Visiting the Great Barrier Reef

Experiencing the reef by air or sea is easy, with hundreds of tour operators at your service.

Most visitors looking to experience the reef will fly into Cairns but you can catch flights to other coastal cities offering reef access as well as direct flights to GBR islands such as Hamilton Island from Sydney, Melbourne, or Brisbane.

Enjoy easy access to the Whitsundays from Airlie Beach or take the ferry from Cairns to Fitzroy Island. Places like Mission Beach and Townsville offer great day trips to the reef as well as extended journeys. Visit Port Douglas to experience the incredible Daintree Rainforest in addition to the numerous Great Barrier Reef experiences offered.

How you decide to experience the reef is as varied as the destinations that act as bases for your explorations.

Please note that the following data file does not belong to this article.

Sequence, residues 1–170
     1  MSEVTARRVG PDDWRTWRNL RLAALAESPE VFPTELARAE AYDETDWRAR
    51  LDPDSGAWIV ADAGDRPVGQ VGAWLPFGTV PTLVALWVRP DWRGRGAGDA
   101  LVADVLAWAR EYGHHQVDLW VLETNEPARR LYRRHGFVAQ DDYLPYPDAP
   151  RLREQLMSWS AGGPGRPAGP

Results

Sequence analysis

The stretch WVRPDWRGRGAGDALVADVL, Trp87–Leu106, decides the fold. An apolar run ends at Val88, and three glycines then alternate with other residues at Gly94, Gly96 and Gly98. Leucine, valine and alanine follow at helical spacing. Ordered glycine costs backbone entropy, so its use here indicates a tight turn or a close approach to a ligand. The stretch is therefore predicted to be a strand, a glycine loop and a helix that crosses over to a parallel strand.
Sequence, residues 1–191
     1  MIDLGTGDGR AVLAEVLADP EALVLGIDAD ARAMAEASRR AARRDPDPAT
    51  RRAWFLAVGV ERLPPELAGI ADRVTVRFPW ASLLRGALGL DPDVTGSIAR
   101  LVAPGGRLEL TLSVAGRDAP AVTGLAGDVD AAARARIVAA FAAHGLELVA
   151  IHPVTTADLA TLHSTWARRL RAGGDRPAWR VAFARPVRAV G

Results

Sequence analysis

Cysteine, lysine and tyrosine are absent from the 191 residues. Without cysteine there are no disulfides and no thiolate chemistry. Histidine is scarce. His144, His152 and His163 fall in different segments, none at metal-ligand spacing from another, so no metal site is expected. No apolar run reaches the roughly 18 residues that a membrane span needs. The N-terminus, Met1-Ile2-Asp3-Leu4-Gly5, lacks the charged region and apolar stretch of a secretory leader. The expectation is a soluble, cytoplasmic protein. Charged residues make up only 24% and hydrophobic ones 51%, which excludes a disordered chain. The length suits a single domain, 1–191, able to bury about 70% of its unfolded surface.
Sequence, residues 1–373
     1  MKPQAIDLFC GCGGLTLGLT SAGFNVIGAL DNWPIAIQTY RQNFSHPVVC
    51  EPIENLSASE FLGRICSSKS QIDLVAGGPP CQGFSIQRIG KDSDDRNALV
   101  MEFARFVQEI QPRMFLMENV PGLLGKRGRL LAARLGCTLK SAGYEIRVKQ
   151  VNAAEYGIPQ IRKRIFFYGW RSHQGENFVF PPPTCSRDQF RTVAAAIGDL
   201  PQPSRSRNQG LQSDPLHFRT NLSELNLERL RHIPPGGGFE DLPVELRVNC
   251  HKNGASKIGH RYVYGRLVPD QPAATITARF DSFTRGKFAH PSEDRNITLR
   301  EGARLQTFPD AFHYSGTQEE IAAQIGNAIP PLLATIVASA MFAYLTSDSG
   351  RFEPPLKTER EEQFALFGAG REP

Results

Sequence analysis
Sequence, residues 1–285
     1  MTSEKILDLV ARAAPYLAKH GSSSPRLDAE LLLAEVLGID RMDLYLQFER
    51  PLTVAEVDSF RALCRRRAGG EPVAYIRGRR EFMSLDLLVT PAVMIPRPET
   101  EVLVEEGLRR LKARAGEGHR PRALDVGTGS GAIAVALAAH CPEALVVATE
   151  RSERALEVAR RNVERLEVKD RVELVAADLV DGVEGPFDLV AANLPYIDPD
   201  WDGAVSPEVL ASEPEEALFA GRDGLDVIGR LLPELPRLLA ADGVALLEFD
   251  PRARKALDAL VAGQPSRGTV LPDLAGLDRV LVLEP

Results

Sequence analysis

Snorkel and dive tours offer the best way to fully immerse yourself in the living reef, offering up close and personal experiences with its abundant marine life.

Those not comfortable diving beneath the surface can opt for a glass-bottomed boat tour. These tours allow visitors to travel over shallow reefs where they can spot all kinds of corals, fish, sea turtles, and giant 100+ year old clams without getting their feet wet.

Choose from several different boating options including lavish yachts, cruise ships, and romantic sailboats. In fact, liveaboard boat tours are great for venturing deep into the reef where you get to spend several days to weeks exploring numerous islands and dive sites. Enjoy your own private cabin, spacious decks, WiFi, catered meals, and knowledgeable guides.

Those prone to sea sickness can choose to take a scenic helicopter or seaplane flight over the reef, taking in the famous Heart Reef and Whitsunday Islands.

Flights over the reef usually include stopovers on a remote island or coral cay where you can enjoy lunch and explore the shoreline.

You can also find unique Seawalker experiences as well as submarine adventures.


Must see islands

While visiting every Great Barrier Reef island would take several visits, many of its most notable islands can be experienced during a single trip.